4. Interesting and sad. I think that we probably are losing our connection with nature as people stare at their phones oblivious to the world around them. All words should be included but I guess the Oxford dictionary deciders update to what is required and certainly children are encouraged to use computers and the like and need to know what these terms mean. If they can’t fit in all words it comes down to choice and a belief as to what the child needs a definition of more. It is up to us as parents, grandparents and writers to use these words, fill our children with the wonder of the natural and create a state where again these words need to be in the dictionary. When I will be really scared will be when the words are removed from other dictionaries. The death of a word is a sad occurrence. One of my favourite words is hobbledehoy. I use it where ever possible but I’ve only seen it used once in print.
    A great post Helen.

  5. Today’s children don’t see bluebells, I don’t imagine, but certainly they do acorns, dandelions and otters, the latter on television or in zoos. What are these dim gentle(wo)men thinking? And “bullet point” is a higher-priority, more frequently-encountered phrase? At the Junior level?!

    Good grief. Looking at the nature of the eliminated versus added choices: Are 1984’s newspeak folk in charge now?

  6. That list of deleted words from the Junior Oxford Dictionary is very disturbing! Flowers, birds and mammals are no longer a part of a child’s vocabulary?

  7. Really interesting post with some sad news. I agree with you that it’s a great shame to lose words from nature. Gonnen is a wonderful word, I wonder if we can bring back this concept? I shall re-blog this on bkpyett.wordpress.com
    Thank you!

  8. This is disturbing to say the least! Some of those words are common and frequently used. Guess I would not choose the Junior Oxford Dictionary for my kids. You can always express your displeasure with a boycott.

  9. Reblogged this on betnew and commented:
    Reblogged. This is quite scary!

  10. If all of the wonderful words that describe nature disappear, where does that leave nature itself?! Of course, with all of the poison that we are pouring out into nature causing the disappearance of necessary plants and animals, maybe the folks that decide the words that are to be left out of the dictionaries know something that they aren’t telling the rest of us. Yet.

  11. Angie on said:

    Reblogged this on Love, Laughter, and Life and commented:
    Very good reasons to use wonderful words when we write.

  12. Hmm. I guess there are two sides to this- English is a mixture of languages, so many of our words are not borrowed, they are just part of the mix, which is constantly evolving. But yes, the words you cite as being removed are important. It shows not only that kids don’t know flowers, they are not reading much poetry or viewing art which often features blossoms. So they are missing out on a lot of what makes England such a wonderful place.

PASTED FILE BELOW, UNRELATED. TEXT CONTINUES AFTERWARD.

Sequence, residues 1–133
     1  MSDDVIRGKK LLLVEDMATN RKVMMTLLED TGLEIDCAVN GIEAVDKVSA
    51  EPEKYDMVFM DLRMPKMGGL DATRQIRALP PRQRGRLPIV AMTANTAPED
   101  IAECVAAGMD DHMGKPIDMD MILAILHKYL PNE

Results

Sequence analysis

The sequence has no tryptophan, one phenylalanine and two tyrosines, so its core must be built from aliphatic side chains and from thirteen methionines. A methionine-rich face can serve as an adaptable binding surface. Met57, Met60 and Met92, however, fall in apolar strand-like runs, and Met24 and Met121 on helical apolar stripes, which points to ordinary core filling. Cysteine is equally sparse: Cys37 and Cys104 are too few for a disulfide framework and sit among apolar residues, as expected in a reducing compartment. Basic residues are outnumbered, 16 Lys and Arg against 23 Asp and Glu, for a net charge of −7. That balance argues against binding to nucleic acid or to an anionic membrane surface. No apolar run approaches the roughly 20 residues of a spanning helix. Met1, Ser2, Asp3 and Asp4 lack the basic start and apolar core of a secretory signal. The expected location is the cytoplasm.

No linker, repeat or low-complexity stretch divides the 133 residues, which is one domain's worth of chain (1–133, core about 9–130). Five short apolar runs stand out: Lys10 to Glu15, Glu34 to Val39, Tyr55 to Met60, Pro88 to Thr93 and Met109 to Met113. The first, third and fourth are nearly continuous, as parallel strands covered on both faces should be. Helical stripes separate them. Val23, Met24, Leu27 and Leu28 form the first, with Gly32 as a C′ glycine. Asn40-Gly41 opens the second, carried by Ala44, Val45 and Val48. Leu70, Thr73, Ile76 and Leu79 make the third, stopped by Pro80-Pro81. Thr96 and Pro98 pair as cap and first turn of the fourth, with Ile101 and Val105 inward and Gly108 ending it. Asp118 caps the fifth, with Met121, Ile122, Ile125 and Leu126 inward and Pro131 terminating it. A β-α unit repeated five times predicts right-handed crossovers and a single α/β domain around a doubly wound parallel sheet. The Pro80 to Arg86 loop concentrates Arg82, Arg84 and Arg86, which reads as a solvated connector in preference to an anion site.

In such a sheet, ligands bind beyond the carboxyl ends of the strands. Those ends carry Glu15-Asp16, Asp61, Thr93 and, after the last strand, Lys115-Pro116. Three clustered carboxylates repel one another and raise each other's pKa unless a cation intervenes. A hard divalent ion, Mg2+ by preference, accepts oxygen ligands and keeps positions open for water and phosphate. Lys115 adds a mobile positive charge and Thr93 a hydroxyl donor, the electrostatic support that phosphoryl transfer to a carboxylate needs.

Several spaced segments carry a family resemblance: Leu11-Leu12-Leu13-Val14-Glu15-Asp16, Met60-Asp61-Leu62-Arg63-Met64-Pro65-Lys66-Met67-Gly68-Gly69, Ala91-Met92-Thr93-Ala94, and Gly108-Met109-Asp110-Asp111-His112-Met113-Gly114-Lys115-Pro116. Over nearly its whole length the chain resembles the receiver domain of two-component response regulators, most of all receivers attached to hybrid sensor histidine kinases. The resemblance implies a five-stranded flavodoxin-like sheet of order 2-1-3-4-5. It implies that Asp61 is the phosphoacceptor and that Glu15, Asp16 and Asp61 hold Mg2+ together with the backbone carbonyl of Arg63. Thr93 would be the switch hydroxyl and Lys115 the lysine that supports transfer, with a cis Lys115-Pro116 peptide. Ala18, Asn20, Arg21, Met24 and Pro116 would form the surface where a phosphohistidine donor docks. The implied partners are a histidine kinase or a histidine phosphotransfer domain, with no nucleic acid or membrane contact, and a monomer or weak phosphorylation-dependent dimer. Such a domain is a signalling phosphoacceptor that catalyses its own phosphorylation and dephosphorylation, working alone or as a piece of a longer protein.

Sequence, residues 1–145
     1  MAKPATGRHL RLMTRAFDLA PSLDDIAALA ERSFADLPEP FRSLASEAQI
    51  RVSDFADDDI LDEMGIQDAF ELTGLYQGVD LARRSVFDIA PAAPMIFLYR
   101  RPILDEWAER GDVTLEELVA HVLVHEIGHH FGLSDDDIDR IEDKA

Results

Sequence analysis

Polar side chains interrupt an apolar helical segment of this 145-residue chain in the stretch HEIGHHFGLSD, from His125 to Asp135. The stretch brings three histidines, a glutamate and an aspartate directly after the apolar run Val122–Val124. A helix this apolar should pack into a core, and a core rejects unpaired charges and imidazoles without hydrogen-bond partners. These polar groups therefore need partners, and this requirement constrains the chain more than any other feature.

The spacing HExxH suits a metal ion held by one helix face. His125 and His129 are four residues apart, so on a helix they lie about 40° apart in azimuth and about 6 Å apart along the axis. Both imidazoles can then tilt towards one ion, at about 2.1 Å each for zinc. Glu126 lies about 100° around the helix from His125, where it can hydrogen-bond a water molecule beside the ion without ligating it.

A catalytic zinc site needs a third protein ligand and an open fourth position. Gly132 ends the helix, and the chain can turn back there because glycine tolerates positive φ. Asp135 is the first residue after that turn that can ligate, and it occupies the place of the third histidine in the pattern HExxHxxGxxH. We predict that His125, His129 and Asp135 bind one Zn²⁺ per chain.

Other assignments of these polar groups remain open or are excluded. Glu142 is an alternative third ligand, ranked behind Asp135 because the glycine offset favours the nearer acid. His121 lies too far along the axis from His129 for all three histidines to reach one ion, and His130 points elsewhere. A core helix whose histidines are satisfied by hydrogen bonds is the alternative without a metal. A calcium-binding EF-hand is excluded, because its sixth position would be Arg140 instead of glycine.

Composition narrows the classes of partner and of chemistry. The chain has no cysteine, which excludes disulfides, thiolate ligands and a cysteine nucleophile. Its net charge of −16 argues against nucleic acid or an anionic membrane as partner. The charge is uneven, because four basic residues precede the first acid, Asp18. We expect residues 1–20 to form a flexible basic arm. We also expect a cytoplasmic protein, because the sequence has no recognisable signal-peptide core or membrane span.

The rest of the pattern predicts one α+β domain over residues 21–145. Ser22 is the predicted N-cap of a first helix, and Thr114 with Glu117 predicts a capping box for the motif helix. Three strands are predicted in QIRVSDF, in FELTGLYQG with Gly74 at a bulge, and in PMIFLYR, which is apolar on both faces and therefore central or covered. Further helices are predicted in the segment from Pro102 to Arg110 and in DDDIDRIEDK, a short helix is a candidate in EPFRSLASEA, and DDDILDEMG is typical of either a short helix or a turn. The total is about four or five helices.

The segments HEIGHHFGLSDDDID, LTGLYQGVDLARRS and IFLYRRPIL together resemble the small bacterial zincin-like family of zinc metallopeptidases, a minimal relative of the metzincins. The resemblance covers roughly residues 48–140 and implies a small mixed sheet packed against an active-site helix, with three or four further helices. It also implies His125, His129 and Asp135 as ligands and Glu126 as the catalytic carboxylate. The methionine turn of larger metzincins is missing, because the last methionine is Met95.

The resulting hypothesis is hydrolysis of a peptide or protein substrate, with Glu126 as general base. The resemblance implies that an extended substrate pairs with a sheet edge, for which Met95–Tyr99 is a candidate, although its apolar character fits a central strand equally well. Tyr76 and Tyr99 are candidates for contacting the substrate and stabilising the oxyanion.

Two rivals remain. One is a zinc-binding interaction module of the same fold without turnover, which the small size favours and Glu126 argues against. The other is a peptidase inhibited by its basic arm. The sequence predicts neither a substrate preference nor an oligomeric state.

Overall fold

13. What the OED has done is completely unacceptable. Bluebell? Dandelion? Otter? What are they playing at? I’m horrified, utterly horrified.

  14. Reblogged this on Smorgasbord – Variety is the spice of life and commented:
    All parents and lovers of the English language need to read this post.. Apparently the Oxford University Press is removing certain words from the junior dictionary as no longer relevant to modern day childhood. These words include adder, bluebell and otter amongst others.. They are to be replaced with Broadband, blog, bullet point and celebrity… I have one word for them.. and they won’t let that one in the dictionary either! Great share Helen Carey – I suggest you read the article in full.

  15. Maria on said:

    Oh no, the removal of those words is ridiculous. It’s not as if ‘dandelions’ are an incredibly rare species, even inner city kids will have seen them (I wonder if they still make that joke about how picking them makes you wet yourself… how hilarious we used to find that!). Loving the words you flagged up.. not heard of them before but ammil and shivelight are gorgeous!

  16. An interesting post which I certainly empathise with.
    When I read what words the OUP have expunged I shook my head in dismay. By all means include the new words but not at the expense of the old ones.
    Sadly I find myself asking what next… xx

  17. Pingback: Going, going, gone … | themarcistagenda

  18. This is brilliant, thank you! I am full of Gonnen for you and your work!